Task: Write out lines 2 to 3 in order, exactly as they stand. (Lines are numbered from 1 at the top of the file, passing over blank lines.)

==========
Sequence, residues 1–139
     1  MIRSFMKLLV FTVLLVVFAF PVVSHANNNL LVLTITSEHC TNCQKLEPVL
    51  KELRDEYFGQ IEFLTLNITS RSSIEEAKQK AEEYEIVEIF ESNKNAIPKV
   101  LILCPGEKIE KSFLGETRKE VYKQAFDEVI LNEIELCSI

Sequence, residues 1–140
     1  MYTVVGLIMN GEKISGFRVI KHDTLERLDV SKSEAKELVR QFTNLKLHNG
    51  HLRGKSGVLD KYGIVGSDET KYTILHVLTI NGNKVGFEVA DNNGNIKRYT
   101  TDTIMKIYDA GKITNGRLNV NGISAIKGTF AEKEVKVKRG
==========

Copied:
     1  MIRSFMKLLV FTVLLVVFAF PVVSHANNNL LVLTITSEHC TNCQKLEPVL
    51  KELRDEYFGQ IEFLTLNITS RSSIEEAKQK AEEYEIVEIF ESNKNAIPKV